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The Prosperous Retirement Reflections

| November 20, 2018
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In his book “The Prosperous Retirement: Guide to the New Reality”, Michael K. Stein, CFP® was among the first to discuss the non-financial factors that contribute to, or detract from, a successful retirement.  Mr. Stein, a pioneer in the field of financial planning, gave very practical financial advice, but the real value of his book was to identify the role that topics such as spirituality, relationships and mental health play in the fulfillment that we experience in our post-career years.

Mr. Stein’s book was released in 1998 – nearly a generation ago, and before the boomers started retiring.  The first part of the book discusses how, in the 21st century, the retirement of the typical person in the developed world will be different than any previous generation.  His predictions are already coming true.  These retirees have more financial resources, but they are also prone to spend more.  These retirees are living longer, but they are more likely to receive inheritances from their relatively frugal parents.  And these retirees expect to continue the same standard of living they have enjoyed during their working years, spending their time traveling and playing sports such as golf or cycling.  In short, people now expect a “prosperous retirement”.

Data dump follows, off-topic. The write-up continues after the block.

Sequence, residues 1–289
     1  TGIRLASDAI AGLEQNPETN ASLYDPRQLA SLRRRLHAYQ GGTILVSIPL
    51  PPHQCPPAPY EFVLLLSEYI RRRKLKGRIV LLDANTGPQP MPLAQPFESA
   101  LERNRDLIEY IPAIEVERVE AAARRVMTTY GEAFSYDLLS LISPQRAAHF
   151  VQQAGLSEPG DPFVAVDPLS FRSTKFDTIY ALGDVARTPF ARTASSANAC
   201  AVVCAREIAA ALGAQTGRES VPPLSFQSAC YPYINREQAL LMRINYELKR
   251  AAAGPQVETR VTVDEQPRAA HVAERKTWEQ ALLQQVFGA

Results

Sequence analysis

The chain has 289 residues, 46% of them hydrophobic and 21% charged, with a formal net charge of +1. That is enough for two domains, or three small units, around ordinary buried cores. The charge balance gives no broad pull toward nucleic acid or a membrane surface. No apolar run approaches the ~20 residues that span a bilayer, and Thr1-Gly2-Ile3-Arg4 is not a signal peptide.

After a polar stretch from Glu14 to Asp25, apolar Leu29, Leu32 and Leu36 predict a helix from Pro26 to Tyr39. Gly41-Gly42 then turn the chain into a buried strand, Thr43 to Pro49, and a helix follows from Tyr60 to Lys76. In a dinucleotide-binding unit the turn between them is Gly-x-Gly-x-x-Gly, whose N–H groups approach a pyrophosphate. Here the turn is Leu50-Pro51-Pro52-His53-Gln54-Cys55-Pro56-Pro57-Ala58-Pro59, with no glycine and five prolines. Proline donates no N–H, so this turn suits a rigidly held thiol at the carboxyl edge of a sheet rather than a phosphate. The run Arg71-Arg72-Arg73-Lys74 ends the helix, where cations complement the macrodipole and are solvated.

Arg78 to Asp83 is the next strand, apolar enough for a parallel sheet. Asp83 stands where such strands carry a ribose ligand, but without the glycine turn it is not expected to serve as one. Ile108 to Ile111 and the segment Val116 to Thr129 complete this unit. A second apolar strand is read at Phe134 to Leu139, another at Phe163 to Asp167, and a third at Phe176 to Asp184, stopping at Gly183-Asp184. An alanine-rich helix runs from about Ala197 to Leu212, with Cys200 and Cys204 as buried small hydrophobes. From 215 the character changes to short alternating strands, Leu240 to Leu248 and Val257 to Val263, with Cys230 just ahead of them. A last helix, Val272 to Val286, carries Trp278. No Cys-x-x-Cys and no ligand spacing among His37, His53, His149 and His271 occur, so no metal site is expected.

The “Guide to the New Reality” contains mostly financial advice, but as I stated before, the real genius of the book was the way Mr. Stein shows how non-financial concerns will either allow, or prevent, a person from enjoying this potentially prosperous retirement.  He uses the visual analogy of a wagon wheel with spokes connected to a hub.  The role of how a person manages their finances is the hub of the wheel, and thus is the key to the wheel of retirement turning smoothly.  But the wheel itself is supported by the non-financial factors, represented as the spokes of the wheel.

In upcoming blogs we’ll discuss more about these non-financial aspects, especially the roles of volunteering, spirituality and mental health as critical spokes of the wheel.

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